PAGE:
Equilibria and Instabilities of a Slinky: Discrete Model
|D.P. Holmes, A.D. Borum, B.F. Moore III, R.H. Plaut, and D.A. Dillard, Accepted: International Journal of Nonlinear Mechanics, DOI:10.1016/j.ijnonlinmec.2014.05.015, 2014. [PDF] [arXiv]
The Slinky is a well-known example of a highly flexible helical spring, exhibiting large, geometrically nonlinear deformations from minimal applied forces. By considering it as a system of coils that act to resist axial, shearing, and rotational deformations, we develop a discretized model to predict the equilibrium configurations of a Slinky via the minimization of its potential energy. Careful consideration of the contact between coils enables this procedure to accurately describe the shape and stability of the Slinky under different modes of deformation. In addition, we provide simple geometric and material relations that describe a scaling of the general behavior of flexible, helical springs.
Buckling of Dielectric Elastomeric Plates for Soft, Electrically Active Microfluidic Pumps
|B. Tavakol, M. Bozlar, C. Punckt, D.P. Holmes, G. Froehlicher, H.A. Stone, I.A. Aksay, and D.P. Holmes, Soft Matter, 10(27), 4789-4794, 2014. [PDF]
Elastic instabilities, when properly implemented within soft, mechanical structures, can generate advanced functionality. In this work, we use the voltage-induced buckling of thin, flexible plates to pump fluids within a microfluidic channel. The soft electrodes that enable electrical actuation are compatible with fluids, and undergo large, reversible deformations. We quantified the onset of voltage-induced buckling, and measured the flow rate within the microchannel. This embeddable, flexible microfluidic pump will aid in new generation of stand-alone microfluidic devices that require a tunable flow rate.
Effects of Substrate Defects on Lipid Bilayer Compression Dynamics
|A. Fergusson, R. Kappiyoor, G. Balasubramanian, I.K. Puri, and D.P. Holmes, arXiv, 2014. [arXiv]
In vivo and in vitro lipid bilayers are commonly supported by subcellular structures, particles, and artificial substrates. Deformation of the underlying structure can lead to large, localized deformations as the bilayer deforms to avoid stretching. Applications of SLBs commonly assume that the supporting substrate is continuous and defect-free. However, this assumption is unrealistic in vivo. In this work, we consider the effect of defects within the underlying substrate by simulating different bilayers supported by continuous and nanoporous substrates. We show that the bilayer behavior greatly depends on strain rate, and that substrate defects may contribute to the formation of nanotubes for compressed substrates.
Extended Lubrication Theory: Estimation of Fluid Flow in Channels with Variable Geometry
|B. Tavakol, D.P. Holmes, G. Froehlicher, and H.A. Stone, arXiv, 2014. [arXiv]
Lubrication theory is broadly applicable to the flow characterization of thin fluid films and the motion of particles near surfaces. We offer an extension to lubrication theory by considering higher-order terms of the analytical approximation to describe the fluid flow in a channel with features of a modest aspect ratio. We find good agreement between our analytical results and numerical simulations. We show that the extended lubrication theory is a robust tool for an accurate estimate of laminar fluid flow in channels with features on the order of the channel height, accounting for both smooth and sharp changes in geometry.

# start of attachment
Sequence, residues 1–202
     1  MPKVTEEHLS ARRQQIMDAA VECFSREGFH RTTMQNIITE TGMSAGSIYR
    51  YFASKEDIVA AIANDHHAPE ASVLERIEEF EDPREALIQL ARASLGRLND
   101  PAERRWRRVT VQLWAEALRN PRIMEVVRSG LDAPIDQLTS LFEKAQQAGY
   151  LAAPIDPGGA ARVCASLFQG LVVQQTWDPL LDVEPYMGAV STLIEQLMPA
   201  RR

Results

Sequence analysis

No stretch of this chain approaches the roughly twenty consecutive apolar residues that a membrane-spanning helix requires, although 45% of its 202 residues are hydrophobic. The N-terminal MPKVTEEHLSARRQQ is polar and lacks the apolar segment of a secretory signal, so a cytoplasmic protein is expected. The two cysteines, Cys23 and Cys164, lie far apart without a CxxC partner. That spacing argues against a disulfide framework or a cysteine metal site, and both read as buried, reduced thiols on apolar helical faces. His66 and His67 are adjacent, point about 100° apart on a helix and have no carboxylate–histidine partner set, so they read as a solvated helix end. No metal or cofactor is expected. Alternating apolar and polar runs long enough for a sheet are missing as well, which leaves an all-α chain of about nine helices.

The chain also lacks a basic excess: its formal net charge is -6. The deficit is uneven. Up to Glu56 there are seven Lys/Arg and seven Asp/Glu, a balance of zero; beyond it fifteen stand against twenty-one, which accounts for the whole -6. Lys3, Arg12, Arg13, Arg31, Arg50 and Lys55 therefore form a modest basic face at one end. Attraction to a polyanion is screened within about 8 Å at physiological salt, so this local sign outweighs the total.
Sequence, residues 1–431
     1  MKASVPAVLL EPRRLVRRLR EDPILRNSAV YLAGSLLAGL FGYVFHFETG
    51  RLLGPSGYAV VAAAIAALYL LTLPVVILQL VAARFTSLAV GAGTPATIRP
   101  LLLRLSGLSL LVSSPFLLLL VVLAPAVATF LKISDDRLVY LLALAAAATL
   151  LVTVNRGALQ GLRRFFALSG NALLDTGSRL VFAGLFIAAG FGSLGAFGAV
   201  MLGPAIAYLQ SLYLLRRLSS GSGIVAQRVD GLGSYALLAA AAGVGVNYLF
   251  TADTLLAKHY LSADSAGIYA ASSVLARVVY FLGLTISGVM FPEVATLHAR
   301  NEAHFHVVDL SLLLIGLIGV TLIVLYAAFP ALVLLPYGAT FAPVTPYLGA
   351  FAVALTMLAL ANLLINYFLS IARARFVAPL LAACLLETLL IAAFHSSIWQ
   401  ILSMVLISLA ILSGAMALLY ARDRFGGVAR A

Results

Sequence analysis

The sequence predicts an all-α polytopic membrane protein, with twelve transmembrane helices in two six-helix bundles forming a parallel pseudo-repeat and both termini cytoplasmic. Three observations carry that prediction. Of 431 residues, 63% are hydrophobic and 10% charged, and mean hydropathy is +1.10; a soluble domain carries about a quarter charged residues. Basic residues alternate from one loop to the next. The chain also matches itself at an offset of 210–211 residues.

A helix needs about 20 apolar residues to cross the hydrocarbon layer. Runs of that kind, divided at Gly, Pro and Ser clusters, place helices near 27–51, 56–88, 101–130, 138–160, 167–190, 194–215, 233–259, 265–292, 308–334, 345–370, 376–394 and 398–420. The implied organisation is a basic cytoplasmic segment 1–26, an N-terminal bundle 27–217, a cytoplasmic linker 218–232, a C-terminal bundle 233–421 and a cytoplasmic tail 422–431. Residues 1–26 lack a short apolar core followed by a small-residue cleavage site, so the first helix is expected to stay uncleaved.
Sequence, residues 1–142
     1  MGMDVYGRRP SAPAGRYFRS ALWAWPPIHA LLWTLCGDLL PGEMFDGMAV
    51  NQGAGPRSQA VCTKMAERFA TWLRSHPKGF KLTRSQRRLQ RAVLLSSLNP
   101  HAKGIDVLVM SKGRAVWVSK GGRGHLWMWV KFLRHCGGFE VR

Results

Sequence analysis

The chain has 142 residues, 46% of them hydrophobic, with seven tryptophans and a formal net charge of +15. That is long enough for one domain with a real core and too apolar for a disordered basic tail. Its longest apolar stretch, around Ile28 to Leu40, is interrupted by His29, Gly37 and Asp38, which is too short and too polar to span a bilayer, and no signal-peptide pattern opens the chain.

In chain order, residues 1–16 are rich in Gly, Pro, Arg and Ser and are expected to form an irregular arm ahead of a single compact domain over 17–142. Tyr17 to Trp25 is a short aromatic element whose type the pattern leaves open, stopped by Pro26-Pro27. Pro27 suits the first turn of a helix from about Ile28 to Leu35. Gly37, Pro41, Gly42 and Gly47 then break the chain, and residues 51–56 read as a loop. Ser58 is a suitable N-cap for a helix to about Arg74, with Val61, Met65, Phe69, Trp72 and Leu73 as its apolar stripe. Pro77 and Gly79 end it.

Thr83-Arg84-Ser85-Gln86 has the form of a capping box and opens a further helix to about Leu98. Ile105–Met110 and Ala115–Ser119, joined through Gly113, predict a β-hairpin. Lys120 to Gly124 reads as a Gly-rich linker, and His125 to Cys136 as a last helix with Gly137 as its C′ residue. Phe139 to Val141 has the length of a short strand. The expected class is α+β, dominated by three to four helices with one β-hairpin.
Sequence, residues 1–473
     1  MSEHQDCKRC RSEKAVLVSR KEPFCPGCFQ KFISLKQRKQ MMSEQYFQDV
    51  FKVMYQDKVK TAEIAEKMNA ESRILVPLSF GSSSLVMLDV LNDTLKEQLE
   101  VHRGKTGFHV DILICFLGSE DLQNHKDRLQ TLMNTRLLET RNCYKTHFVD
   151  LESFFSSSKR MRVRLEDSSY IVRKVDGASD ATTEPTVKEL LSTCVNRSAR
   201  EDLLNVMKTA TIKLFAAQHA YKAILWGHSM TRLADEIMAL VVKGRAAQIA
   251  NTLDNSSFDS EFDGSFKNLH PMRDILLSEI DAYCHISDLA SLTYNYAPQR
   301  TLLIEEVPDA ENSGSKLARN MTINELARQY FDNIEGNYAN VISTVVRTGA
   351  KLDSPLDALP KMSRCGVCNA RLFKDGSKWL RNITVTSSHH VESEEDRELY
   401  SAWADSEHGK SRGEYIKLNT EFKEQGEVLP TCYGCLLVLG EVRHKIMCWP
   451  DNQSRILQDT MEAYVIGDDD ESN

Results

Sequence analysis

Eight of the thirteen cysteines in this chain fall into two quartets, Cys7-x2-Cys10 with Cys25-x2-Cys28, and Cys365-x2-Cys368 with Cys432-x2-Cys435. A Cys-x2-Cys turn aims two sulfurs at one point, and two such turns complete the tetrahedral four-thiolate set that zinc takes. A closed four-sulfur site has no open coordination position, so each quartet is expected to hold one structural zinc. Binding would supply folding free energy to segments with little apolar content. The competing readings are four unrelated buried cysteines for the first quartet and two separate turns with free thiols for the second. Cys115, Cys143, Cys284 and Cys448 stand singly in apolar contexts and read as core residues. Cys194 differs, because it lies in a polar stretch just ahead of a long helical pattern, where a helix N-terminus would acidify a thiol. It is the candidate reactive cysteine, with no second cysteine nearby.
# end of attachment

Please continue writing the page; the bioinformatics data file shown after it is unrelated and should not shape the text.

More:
Dynamics of Snapping Beams and Jumping Poppers
|A. Pandey, D.E. Moulton, D. Vella, and D.P. Holmes, EPL (Europhysical Letters), 105, 24001, 2014. [PDF] [arXiv]
We consider the dynamic snapping instability of elastic beams and shells. We show that the stretchability of the arch plays a critical role in determining not only the post-buckling mode of deformation, but also the timescale of snapping, and the frequency of the arch's vibrations about its final equilibrium state. We show that the growth rate of the snap-through instability, and its subsequent ringing frequency, can both be interpreted physically as the result of a sound wave in the material propagating over a distance comparable to the radius of curvature of the arch. Finally, we extend our analysis of the ringing frequency of indented arches to understand the 'pop' heard when everted shell structures snap-through to their stable state. Remarkably, we find that not only are the scaling laws for the ringing frequencies in these two scenarios identical, but also the respective prefactors are numerically close; this allows us to develop a master curve for the frequency of ringing in snapping beams and shells.
Control and Manipulation of Microfluidic
Fluid Flow via Elastic Deformations
|D.P. Holmes, B. Tavakol, G.
Froehlicher, and H.A. Stone, Soft Matter, 9, 7049, 2013. [PDF]
Special Issue: Emerging Investigators [PDF]
We present a material with internal flexible valves that can
control and direct fluid flow via external mechanical actuation for use
in advanced materials for in situ mixing, chemical reactions, and
rapid, portable chemical analysis. In particular, we microfabricate
internal flexible valves so that macroscopic deformation leads to valve
function that regulates fluid flow and so can direct flow from low to
high regions of external stress. Creating a bio-inspired method for
internal flow regulation will be useful for controlling fluid flow
within multifunctional devices.
Swelling-Induced Deformations: A Materials-Defined Transition from Macroscopic to Microscopic Deformations
|A. Pandey and D.P. Holmes, Soft Matter, 9, 5524, 2013. [PDF]
Swelling-induced deformations are common in many biological
and industrial environments, and the shapes and patterns that emerge can
vary across many length scales. Here we present an experimental study of
a transition between macroscopic structural bending and microscopic
surface creasing in elastomeric beams swollen non-homogeneously with
favorable solvents. We demonstrate how proper tuning of materials and geometry can generate instabilities at
multiple length scales in a single structure.
Elastic Instabilities for Form and
|D.P. Holmes, iMechanica - Journal Club,